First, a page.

Politics, Job Involvement, and Organizational Commitment
Pamela Brownrigg Innes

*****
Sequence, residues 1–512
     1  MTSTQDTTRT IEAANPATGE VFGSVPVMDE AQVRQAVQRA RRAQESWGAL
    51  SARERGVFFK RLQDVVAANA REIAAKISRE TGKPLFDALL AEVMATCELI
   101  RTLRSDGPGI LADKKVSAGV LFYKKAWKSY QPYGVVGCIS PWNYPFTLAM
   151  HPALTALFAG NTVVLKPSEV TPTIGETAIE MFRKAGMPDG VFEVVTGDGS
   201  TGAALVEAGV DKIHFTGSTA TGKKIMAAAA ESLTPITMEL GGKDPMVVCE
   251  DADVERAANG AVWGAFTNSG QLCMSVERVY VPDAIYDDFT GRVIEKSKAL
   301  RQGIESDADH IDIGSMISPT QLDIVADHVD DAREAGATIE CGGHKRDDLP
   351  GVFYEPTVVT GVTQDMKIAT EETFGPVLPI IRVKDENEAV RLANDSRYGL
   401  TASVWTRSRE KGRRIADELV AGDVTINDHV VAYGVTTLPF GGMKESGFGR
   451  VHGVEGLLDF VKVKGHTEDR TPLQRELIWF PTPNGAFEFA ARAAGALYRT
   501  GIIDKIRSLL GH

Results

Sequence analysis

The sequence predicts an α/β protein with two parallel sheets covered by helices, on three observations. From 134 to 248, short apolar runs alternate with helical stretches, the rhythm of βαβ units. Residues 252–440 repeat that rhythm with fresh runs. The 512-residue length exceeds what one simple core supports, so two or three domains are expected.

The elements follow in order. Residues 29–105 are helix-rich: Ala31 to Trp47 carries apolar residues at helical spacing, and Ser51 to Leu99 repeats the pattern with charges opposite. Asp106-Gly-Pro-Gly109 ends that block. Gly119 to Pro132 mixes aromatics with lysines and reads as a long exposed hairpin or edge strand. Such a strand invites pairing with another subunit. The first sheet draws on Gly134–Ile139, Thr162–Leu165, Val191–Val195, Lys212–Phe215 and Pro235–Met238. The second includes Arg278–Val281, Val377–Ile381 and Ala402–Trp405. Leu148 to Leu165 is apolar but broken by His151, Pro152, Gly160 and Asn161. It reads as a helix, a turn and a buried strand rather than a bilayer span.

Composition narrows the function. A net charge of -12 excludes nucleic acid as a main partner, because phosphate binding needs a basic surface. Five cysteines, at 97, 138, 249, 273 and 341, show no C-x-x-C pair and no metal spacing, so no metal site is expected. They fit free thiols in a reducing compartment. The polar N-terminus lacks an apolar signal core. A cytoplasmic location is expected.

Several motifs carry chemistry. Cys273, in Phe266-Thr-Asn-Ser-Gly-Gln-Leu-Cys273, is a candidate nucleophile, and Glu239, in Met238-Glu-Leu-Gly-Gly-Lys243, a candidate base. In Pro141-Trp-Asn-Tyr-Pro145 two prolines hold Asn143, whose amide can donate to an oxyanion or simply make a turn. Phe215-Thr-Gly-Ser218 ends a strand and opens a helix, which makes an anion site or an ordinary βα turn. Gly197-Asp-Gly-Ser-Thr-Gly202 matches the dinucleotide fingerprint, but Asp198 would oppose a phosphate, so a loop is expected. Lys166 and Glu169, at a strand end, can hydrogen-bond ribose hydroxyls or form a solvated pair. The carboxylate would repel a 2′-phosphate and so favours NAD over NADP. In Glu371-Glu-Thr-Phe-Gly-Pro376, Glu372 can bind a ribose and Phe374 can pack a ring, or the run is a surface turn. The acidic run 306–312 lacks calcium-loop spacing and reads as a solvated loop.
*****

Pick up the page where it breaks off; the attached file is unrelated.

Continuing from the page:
The current research examined the effects of leadership on perceptions of organizational politics and the influence of political perceptions on job involvement and organizational commitment. The research model examined the relationship and predictive strength between the variables of interest, integrating the six-factor, 36-item scale of leadership (Bass & Avolio, 1995); Liden and Maslyn's (1998) 12-item leader-member exchange instrument; the three-factor, 15-item perceptions of organizational politics model (Kacmar & Carlson, 1997); Kanungo's (1982) 10-item job involvement scale; and a 9-item organizational commitment scale (Mowday, Steers, & Porter, 1979). State government employees were surveyed yielding 214 responses concerning their experience of their supervisor's leadership style, their perception of the quality of their relationship with their supervisor, their perception of organizational politics, their level of job involvement, and their level of organizational commitment. The research found that leadership constructs are significant predictors of political perceptions having both positive and negative relationships to the perceptions of organizational politics. Further, consistent with prior studies, perceptions of organizational politics were a significant predictor of, and negatively related to, the outcomes of job involvement and organizational commitment. Discussion of the study and further research directions including implications for management and leadership strategies conclude the study.
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